As thousands of students across the country rallied in support of gun control in a national “walkout” this week, House lawmakers voted to pass a bill aimed at curbing violence in schools. The measure notably contains zero gun-related provisions.
The House voted 407-10 on Wednesday to pass the STOP School Violence Act, which would provide schools with the means to train staff, and local law enforcement to address mental health issues, develop systems to report threats, and implement preventative measures. The vote comes one month after a mass shooting at Marjory Stoneman Douglas High School in Parkland, Florida left 17 people dead. It is the first major vote addressing school violence since the shooting.
The bill is backed by both parties, as well as the Trump administration and the National Rifle Association (NRA). In a video tweeted by the NRA Wednesday morning, NRA Institute for Legislative Action’s executive director Chris Cox said, “Passing new gun control laws won’t protect our kids … Let’s work together to secure our schools and stop school violence.”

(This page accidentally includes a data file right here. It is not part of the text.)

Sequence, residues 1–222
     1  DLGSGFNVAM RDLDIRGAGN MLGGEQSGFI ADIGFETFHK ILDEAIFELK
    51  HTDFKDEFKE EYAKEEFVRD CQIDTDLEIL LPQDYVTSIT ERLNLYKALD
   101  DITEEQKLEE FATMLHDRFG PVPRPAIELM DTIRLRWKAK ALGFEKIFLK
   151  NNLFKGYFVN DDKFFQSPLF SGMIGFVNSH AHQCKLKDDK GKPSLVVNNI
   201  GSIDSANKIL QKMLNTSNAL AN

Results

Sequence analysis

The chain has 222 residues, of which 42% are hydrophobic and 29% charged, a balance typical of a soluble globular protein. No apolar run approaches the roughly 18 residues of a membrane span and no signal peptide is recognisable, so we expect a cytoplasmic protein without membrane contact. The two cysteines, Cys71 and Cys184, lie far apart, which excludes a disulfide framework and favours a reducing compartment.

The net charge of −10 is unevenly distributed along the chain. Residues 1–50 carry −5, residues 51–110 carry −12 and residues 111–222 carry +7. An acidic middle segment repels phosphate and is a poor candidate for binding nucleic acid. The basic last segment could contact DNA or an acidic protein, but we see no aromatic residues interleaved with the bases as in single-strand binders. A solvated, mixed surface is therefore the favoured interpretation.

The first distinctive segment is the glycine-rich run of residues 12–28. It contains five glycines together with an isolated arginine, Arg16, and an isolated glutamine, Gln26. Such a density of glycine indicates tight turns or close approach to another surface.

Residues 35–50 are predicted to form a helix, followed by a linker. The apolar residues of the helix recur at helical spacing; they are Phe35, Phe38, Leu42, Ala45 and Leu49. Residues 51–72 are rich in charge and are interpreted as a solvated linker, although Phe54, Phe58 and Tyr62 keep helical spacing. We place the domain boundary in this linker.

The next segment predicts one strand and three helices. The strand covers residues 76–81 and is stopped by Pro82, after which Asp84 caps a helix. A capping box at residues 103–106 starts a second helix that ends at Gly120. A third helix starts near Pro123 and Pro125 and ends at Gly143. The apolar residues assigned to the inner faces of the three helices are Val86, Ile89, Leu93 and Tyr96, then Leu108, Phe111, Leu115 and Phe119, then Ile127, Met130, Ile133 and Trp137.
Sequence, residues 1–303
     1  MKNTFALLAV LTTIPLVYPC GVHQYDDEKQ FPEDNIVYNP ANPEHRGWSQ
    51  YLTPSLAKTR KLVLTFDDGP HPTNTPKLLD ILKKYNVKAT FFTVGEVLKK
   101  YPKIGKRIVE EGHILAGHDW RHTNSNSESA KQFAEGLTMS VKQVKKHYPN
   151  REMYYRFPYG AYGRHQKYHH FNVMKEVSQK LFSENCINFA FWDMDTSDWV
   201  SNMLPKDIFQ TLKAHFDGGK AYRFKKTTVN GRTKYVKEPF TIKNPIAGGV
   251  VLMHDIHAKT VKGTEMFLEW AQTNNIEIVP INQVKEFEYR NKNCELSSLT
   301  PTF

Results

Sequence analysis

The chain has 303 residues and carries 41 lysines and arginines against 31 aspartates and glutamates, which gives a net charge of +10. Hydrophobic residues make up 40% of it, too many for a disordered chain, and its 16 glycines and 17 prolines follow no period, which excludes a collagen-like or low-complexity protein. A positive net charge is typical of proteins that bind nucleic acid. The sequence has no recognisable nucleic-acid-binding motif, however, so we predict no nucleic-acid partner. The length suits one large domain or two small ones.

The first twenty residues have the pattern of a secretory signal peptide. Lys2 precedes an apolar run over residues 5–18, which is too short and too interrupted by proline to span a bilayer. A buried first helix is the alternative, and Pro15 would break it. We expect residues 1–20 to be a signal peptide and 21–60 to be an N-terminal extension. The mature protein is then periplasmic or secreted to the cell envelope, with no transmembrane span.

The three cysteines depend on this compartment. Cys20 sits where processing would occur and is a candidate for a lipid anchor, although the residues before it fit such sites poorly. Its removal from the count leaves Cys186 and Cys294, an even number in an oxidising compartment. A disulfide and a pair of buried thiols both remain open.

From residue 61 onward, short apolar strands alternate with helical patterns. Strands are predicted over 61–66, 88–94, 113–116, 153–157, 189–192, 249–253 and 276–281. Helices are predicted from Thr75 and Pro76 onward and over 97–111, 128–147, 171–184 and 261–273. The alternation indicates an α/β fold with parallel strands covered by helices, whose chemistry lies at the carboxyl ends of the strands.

Let's work together to secure our schools and stop school violence. We protect our banks, our sports stadiums and our government buildings better than we protect our schools. That must change. #StopSchoolViolenceAct #DefendTheSecond #NRA pic.twitter.com/98dWIv0giM
— NRA (@NRA) March 14, 2018
While National School Walkout protesters have called for banning assault weapons and expanded background checks, this measure does none of that. Several Democratic lawmakers addressed the bill’s shortcomings prior to the vote.
“Today, young people across the country are taking a stand and calling upon this Congress to do something about the scourge of gun violence that has terrorized our schools and our streets for too long. This bill fails to do so and it should not — it cannot — be our only response to their demands,” said Rep. Jerrold Nadler (D-NY) on the House floor.
He added, “We must make schools safer, but the best way to do that is to do more to prevent gun violence from occurring in the first place … It is not enough to say that staff and students must do more to protect themselves.”
A companion measure is currently awaiting consideration in the Senate, although it differs in one major respect: unlike the House bill, the Senate version bars any of the funding from being used to arm teachers or provide them with training, a goal of the Trump administration.
Like its House companion, the Senate bill also has bipartisan support.